Moreover, there is an expedited process for the review of complaints of inmate harassment or other misconduct by corrections officers or prison employees. 7 N.Y.C.R.R. § 701.8. In the event the inmate seeks expedited review, he or she may report the misconduct to the employee's supervisor. The inmate then files a grievance under the normal procedures outlined above, but all grievances alleging employee misconduct are given a grievance number, and sent immediately to the superintendent for review. Under the regulations, the superintendent or his designee shall determine immediately whether the allegations, if true, would state a "bona fide" case of harassment, and if so, shall initiate an investigation of the complaint, either "in-house, " by the Inspector General's Office, or by the New York State Police Bureau of Criminal Investigations. An appeal of the adverse decision of the superintendent may be taken to the CORC as in the regular grievance procedure. A similar "special" procedure is provided for claims of discrimination against an inmate. 7 N.Y.C.R.R. § 701.9.

It is important to note that these procedural requirements contain several safeguards. For example, if an inmate could not file such a complaint within the required time period after the alleged occurrence, he or she could apply to the facility's IGP Supervisor for an exception to the time limit based on mitigating circumstances. If that application was denied, the inmate could file a complaint complaining that the application was wrongfully denied.[4] Moreover, any failure by the IGRC or the superintendent to timely respond to a grievance or first-level appeal, respectively, can-and must-be appealed to the next level, including CORC, to complete the grievance process. 7 N.Y.C.R.R. § 701.6(g)(2) ("Absent [an] extension, matters not decided within the time limits may be appealed to the next step.").[5]

In light of the plain language of 7 N.Y.C.R.R. § 701.6(g)(2), the Second Circuit has indicated that the IGRC's nonresponse must be appealed to the superintendent even where the plaintiff's grievance was never assigned a grievance number.[6] Moreover, this point of law has been expressly recognized by district courts in the Northern District, [7] Southern District, [8] and Western District.[9] The Court notes that, if the plaintiff attaches to his appeal a copy of his grievance (or even if he adequately describes, in his appeal to the superintendent, the substance of that grievance), there is something for the superintendent to review.[10]

It is also important to note that DOCCS has a separate and distinct administrative appeal process for inmate misbehavior hearings:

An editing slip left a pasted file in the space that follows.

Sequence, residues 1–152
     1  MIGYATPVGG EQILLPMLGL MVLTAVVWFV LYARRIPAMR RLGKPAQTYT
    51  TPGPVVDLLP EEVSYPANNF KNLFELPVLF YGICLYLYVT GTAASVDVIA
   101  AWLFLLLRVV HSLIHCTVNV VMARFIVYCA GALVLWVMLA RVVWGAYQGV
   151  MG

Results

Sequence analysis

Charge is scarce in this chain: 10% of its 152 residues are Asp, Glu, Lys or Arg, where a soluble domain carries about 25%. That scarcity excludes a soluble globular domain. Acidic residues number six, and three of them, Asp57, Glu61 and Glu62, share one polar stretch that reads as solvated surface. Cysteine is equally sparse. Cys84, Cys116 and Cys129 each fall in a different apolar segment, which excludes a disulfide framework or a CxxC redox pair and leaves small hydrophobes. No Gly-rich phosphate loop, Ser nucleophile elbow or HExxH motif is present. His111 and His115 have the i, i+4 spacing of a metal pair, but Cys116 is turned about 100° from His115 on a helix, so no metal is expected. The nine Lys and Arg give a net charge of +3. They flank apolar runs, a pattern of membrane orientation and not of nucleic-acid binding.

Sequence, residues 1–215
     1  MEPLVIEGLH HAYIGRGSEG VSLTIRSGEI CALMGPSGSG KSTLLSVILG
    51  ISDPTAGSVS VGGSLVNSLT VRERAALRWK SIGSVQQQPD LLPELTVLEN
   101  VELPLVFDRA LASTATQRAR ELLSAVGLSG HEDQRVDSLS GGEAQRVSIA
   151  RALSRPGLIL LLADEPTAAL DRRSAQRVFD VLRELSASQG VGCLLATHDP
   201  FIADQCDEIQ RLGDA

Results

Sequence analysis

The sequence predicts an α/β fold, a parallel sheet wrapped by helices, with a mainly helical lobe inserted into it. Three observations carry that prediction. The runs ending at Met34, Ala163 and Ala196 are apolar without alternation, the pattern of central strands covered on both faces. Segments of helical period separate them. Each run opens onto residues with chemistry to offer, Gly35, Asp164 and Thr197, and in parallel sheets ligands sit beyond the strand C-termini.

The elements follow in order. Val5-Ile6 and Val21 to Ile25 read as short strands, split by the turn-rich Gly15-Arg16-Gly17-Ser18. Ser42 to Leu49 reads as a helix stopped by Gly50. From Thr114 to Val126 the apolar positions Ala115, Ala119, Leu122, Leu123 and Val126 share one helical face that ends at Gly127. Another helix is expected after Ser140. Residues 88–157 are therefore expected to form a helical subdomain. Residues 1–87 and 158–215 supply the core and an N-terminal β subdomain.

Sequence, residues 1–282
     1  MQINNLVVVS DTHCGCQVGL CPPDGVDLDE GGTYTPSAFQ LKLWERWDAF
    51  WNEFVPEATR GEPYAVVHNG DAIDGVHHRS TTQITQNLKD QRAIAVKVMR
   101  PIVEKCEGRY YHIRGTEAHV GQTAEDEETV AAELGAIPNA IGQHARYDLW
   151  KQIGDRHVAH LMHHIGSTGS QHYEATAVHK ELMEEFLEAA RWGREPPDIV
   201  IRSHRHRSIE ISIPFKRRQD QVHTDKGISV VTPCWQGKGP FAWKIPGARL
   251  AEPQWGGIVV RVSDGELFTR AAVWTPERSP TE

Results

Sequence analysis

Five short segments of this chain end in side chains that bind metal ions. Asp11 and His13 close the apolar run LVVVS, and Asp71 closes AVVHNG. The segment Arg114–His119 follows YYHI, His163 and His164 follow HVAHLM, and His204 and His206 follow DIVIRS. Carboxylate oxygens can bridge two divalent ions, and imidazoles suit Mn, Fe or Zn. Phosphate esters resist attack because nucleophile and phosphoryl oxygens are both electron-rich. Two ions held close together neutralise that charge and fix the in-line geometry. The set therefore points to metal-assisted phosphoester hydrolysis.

A. For Tier III superintendent hearings, the appeal is to the Commissioner's designee, Donald Selsky, D.O.C.S. Director of Special Housing/Inmate Disciplinary Program, pursuant to 8 N.Y.C.R.R. § 254.8;
B. For Tier II disciplinary hearings, the appeal is to the facility superintendent pursuant to 7 N.Y.C.R.R. § 253.8; and
C. For Tier I violation hearings, the appeal is to the facility superintendent or a designee pursuant to 7 N.Y.C.R.R. § 252.6.

"An individual decision or disposition of any current or subsequent program or procedure having a written appeal mechanism which extends review to outside the facility shall be considered nongrievable." 7 N.Y.C.R.R. § 701.3(e)(1). Similarly, "an individual decision or disposition resulting from a disciplinary proceeding... is not grievable." 7 N.Y.C.R.R. § 701.3(e)(2). However, "[t]he policies, rules, and procedures of any program or procedure, including those above, are grievable." 7 N.Y.C.R.R. § 701.3(e)(3); see also N.Y. Dep't Corr. Serv. Directive No. 4040.

Generally, if a prisoner has failed to properly follow each of the required three steps of the above-described grievance procedure prior to commencing litigation, he has failed to exhaust his administrative remedies, and his claims are subject to dismissal. Woodford, 548 U.S. at 93; Porter, 534 U.S. at 524; Ruggiero v. Cnty. of Orange, 467 F.3d 170, 175 (2d Cir. 2006). However, a plaintiff's failure to exhaust does not end the inquiry. The Second Circuit has held that a three-part inquiry is appropriate where a defendant contends that a prisoner has failed to exhaust his available administrative remedies, as required by the PLRA. Hemphill v. State of New York, 380 F.3d 680, 686, 691 (2d Cir. 2004), accord, Ruggiero, 467 F.3d at 175. First, "the court must ask whether [the] administrative remedies [not pursued by the prisoner] were in fact available' to the prisoner." Hemphill, 380 F.3d at 686 (citation omitted). Second, if those remedies were available, "the court should... inquire as to whether [some or all of] the defendants may have forfeited the affirmative defense of non-exhaustion by failing to raise or preserve it... or whether the defendants' own actions inhibiting the [prisoner's] exhaustion of remedies may estop one or more of the defendants from raising the plaintiff's failure to exhaust as a defense." Id. [citations omitted]. Third, if the remedies were available and some of the defendants did not forfeit, and were not estopped from raising, the non-exhaustion defense, "the Court should consider whether special circumstances' have been plausibly alleged that justify the prisoner's failure to comply with the administrative procedural requirements." Id. [citations and internal quotations omitted].